A white couple from St. Louis facing felony weapons charges for pointing guns at Black Lives Matter protesters walking past their home in June will reportedly speak at the Republican National Convention next week.
Mark and Patricia McCloskey will endorse President Donald Trump’s 2020 reelection bid during their address at the convention, which will be mostly online because of the coronavirus pandemic, The Washington Post reported on Monday, citing Trump campaign advisers.
“Mr. McCloskey will be in full oratory splendor at the RNC,” the McCloskeys attorney Albert Watkins confirmed to St. Louis journalist Gabe Fleisher:
The McCloskeys, both in their 60s, work as personal injury attorneys.
They were caught on camera brandishing guns at demonstrators walking past their $1.15 million home on a private street. Mark McCloskey wielded what appeared to be an AR-15 semiautomatic rifle and his wife waved a pistol.
The couple did not fire any shots. They claimed they were defending their property from an “angry mob.” Video showed protesters walking by on their way toward the mayor’s house nearby.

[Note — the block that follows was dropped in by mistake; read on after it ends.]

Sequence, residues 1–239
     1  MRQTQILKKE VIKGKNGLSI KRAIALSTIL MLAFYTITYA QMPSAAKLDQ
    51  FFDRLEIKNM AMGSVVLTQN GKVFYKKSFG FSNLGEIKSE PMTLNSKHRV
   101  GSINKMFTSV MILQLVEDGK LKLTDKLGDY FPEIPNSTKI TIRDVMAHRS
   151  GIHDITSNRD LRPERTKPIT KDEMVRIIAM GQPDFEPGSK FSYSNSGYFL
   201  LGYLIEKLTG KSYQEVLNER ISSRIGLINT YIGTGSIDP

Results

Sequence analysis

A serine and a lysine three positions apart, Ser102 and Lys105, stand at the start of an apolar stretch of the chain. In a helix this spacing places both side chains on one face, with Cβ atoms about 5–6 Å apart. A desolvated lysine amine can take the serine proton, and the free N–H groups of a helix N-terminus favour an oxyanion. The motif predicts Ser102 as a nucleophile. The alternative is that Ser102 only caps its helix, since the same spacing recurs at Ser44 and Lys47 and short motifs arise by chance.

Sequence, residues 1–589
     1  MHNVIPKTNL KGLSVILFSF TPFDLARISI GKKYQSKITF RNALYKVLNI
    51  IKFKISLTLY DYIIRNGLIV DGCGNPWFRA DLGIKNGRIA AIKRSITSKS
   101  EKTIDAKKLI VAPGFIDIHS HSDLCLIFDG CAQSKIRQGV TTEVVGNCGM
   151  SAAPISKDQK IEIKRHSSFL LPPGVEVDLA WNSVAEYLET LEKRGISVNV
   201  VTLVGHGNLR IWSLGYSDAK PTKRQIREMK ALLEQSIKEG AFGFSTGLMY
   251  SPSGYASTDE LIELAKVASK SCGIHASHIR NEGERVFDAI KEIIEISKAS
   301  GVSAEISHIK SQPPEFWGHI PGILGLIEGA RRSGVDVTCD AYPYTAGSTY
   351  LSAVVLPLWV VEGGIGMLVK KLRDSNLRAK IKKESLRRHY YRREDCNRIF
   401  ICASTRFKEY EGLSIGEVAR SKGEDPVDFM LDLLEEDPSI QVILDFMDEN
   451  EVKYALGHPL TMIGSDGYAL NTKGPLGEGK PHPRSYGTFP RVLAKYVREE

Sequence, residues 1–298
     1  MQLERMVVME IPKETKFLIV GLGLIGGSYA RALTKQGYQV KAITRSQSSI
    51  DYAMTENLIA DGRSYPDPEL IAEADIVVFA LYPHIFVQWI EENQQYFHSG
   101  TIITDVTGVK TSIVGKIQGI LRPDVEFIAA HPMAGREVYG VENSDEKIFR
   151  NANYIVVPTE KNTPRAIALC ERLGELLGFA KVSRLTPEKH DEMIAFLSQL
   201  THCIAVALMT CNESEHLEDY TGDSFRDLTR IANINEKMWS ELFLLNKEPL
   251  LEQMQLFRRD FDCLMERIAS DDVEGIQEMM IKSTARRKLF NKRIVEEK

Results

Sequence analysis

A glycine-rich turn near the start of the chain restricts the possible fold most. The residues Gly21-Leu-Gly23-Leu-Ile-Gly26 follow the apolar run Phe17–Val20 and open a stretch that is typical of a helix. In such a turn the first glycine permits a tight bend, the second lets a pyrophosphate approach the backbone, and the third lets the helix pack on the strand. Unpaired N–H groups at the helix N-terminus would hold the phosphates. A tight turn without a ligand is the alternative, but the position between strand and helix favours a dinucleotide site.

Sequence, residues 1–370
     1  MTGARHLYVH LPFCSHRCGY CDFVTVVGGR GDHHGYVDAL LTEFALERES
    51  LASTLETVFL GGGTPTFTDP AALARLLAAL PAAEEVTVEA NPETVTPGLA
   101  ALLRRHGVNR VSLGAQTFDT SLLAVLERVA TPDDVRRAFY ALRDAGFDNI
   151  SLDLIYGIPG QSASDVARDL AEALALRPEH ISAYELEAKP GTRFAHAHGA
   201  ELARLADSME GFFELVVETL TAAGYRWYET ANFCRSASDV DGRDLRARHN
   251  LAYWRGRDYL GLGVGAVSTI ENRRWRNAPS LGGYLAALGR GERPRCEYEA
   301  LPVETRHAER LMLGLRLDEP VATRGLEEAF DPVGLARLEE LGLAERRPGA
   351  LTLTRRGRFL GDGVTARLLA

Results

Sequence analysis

St. Louis Circuit Attorney Kim Gardner announced last month she was charging the couple with felony unlawful use of a weapon and a misdemeanor charge of fourth-degree assault.
Trump has backed the couple. White House press secretary Kayleigh McEnany in July said the president thought “it is absolutely absurd what is happening to the McCloskeys” and “an extreme abuse of power by the prosecutor.”
Trump will reportedly participate during every day of next week’s RNC, per Fox News.
First lady Melania Trump and the president’s adult children — Donald Trump Jr., Ivanka Trump, Eric Trump and Tiffany Trump — are also slated to speak.
RNC organizers on Monday revealed several other speakers set to address the convention next week, including former Covington Catholic High School student Nicholas Sandmann and anti-abortion activist Abby Johnson.
Sandmann is the MAGA hat-wearing teen who gained fame in 2019 in a controversial video clip with a Native American elder at the Lincoln Memorial in Washington.
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